Utah Establishes African Chamber of Commerce

Utah Establishes African Chamber of Commerce

Utah is home to a population of entrepreneurs so committed to strengthening U.S.-Africa business ties, some have banded together to form the African Chamber of Commerce of Utah.

Founders of the nonprofit African chamber, which launched Sept. 6, hope it will become a go-to center for Utah companies looking to do business with emerging economies on the continent.

Utah has other “ethnic” chambers, such as the Brazilian-American Chamber of Commerce of Utah, chambers for Latin America, Europe, Asia and a representative for National U.S.-Arab Chamber of Commerce, according to Elizabeth Goryunova, executive vice president of the World Trade Center Utah.

“The one missing was the one relating to Africa,” Goryunova told AfkInsider.

Utah is home to African populations that moved there as refugees, or who came to the U.S. for education and stayed to start businesses, Goryunova said. The state was ranked No. 1 for business and careers five years in a row by Forbes, most recently in December.

“Our business environment encourages entrepreneurship,” Goryunova said. “The fact they incorporated here speaks for the entrepreneurial spirit of the state.”

Utah is among the leading states in international trade and export, with Nigeria as one of its top three destinations for exports, according to a prepared statement.

Forming the core of the Utah African chamber are a few local Utah entrepreneurs who have been successful in Africa and needed a forum for their dreams of strengthening U.S.-African business partnerships. These include Thomas Appiah and Sabina Zunguze.

A native of Ghana, Appiah has been in the U.S. since 1990. He came for an education, got married here, “and here we are,” he told AfkInsider. A former senior product marketing manager at Motorola, Appiah is CEO of Appiah Consulting Team and chairman of the board of directors at African Chamber of Commerce of Utah. He helps connect businesses to businesses and businesses to government.

A lot of U.S. companies are bringing products into Africa that Africa doesn’t make, Appiah said. The continent’s growing middle class has created demand for these products. Each import into Africa will generate work for Africans, he said.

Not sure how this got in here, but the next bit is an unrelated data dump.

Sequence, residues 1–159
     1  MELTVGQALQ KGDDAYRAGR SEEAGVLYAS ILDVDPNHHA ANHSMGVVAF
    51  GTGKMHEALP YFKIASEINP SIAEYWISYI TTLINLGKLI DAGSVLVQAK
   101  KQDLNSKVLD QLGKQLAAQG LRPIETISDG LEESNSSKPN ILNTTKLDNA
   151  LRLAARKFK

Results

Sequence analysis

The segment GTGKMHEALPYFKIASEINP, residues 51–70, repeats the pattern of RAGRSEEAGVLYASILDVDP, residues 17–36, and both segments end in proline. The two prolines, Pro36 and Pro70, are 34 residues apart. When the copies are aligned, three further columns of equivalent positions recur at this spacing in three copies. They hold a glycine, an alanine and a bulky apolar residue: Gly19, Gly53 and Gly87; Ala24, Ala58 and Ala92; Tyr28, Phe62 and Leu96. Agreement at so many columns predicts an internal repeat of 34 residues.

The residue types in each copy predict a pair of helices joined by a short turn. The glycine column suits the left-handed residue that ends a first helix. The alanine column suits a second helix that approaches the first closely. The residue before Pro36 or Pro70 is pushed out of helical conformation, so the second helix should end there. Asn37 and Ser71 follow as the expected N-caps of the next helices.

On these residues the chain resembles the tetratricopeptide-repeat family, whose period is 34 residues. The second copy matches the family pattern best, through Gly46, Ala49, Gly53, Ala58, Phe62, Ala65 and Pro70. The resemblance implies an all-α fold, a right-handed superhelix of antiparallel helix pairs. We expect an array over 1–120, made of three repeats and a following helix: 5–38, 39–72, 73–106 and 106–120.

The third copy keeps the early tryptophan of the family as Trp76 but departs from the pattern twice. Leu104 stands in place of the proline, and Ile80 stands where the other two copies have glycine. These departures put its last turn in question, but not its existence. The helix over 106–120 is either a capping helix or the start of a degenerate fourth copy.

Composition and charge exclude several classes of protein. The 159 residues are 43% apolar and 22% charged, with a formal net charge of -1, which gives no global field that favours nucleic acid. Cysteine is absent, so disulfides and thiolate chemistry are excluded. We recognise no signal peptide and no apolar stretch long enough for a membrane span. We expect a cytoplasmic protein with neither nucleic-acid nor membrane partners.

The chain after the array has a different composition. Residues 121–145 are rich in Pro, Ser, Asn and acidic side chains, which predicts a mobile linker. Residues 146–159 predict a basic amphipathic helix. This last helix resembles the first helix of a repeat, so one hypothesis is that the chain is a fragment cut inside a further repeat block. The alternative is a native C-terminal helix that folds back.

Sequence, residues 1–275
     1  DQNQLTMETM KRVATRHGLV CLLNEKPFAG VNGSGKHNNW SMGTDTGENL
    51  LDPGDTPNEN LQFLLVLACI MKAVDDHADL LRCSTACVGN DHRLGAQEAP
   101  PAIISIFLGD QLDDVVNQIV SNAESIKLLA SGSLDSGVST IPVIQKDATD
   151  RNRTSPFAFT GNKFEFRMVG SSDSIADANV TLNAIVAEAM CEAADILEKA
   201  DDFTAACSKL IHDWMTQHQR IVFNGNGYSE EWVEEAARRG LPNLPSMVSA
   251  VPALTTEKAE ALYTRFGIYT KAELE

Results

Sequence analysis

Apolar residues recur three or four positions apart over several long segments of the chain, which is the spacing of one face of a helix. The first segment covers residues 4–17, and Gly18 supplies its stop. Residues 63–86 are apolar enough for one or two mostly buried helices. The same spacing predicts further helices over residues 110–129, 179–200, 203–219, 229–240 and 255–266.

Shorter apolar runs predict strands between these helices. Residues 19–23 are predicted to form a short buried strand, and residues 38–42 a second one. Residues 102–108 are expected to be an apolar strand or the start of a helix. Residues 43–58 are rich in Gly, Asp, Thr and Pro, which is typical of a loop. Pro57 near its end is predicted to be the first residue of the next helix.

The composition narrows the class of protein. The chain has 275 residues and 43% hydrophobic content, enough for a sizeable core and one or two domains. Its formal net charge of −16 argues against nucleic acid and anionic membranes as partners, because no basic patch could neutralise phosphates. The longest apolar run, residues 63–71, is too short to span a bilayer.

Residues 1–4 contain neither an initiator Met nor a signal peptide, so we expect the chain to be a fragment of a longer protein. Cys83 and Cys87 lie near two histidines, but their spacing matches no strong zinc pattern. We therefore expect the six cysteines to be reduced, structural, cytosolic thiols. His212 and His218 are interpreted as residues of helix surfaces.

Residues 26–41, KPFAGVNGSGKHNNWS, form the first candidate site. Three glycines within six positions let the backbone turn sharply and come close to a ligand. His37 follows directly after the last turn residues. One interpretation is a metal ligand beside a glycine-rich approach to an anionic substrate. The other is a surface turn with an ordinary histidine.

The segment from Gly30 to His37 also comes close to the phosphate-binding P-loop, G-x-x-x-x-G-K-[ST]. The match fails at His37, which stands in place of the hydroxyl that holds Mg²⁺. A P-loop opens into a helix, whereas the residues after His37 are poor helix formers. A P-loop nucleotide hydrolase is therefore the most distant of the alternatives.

Most of the entrepreneurs who started the Utah’s African chamber began their Africa involvement in nonprofits and developed a great love for the people before turning to business as a way to be involved, Appiah said.

“One thing about Africa, when you stand on street corner you can always come up with a business opportunity,” he said. “I believe these people went with a view to philanthropy.”

Most of Africa’s resources are exported as raw material to the developed world, where value is added, then the value-added products are imported back into Africa, Appiah said. His wish is to help Africans partner with U.S. citizens to add value in Africa.

Sabina Zunguze, formerly of Zimbabwe, is president of the African Chamber of Commerce of Utah. She owns Beautiful Options USA, doing business as A Gift To Africa. The company promotes and markets fine art and crafts handmade by poor and rural women of Africa, according to the National Association Of Women Business Owners.

Zunguze’s African upbringing inspired her to help address the plight of poor African women and promote fair trade with artisans in African countries, she said on her LinkedIn page. She’s traveled to South Africa at the invitation of its government as an international business consultant, meeting with rural women’s groups and advising them on how to promote their crafts in the U.S.A.

A Gift To Africa promotes and markets handmade jewelry, home and office products made by poor and rural women of Kenya, South Africa, Tanzania, Morocco, Uganda, Ghana, Swaziland, Madagascar and Zimbabwe.

She’s also CEO and founder of Muchero LLC, partnering with rural farmers and artisans in Zimbabwe and Malawi to sustainably commercialize indigenous natural resources. This provides income for rural producers while encouraging conservation of their resources, she said on her LinkedIn page. Muchero imports partially processed powders, oils and herbs and repackages and produces products in the U.S. for resale to the health food industry.

Zunguze has yet another company, Basa Body, that manufactures coconut-based natural skin care products made with organic ingredients including raw coconut from farms operated by Kenyan women.

Basa Body, named after the women of Mombasa where the coconut oil is produced, is a social for-profit company created to help the women grow their businesses, tell their stories and create economic opportunities and wealth for Kenyan women so they can pull themselves out of poverty.

Basa Body products are manufactured in Draper, Utah.

Goryunova predicts the African Chamber of Commerce of Utah will start small and grow.

“It’s not just about people who came from Africa,” she said. “It’s about all entrepreneurs who want to enter the African market, or about educational institutions that want to take their programs into Africa.”

The African chamber will provide businesses with added channels to learn how to access African markets, Goryunova said.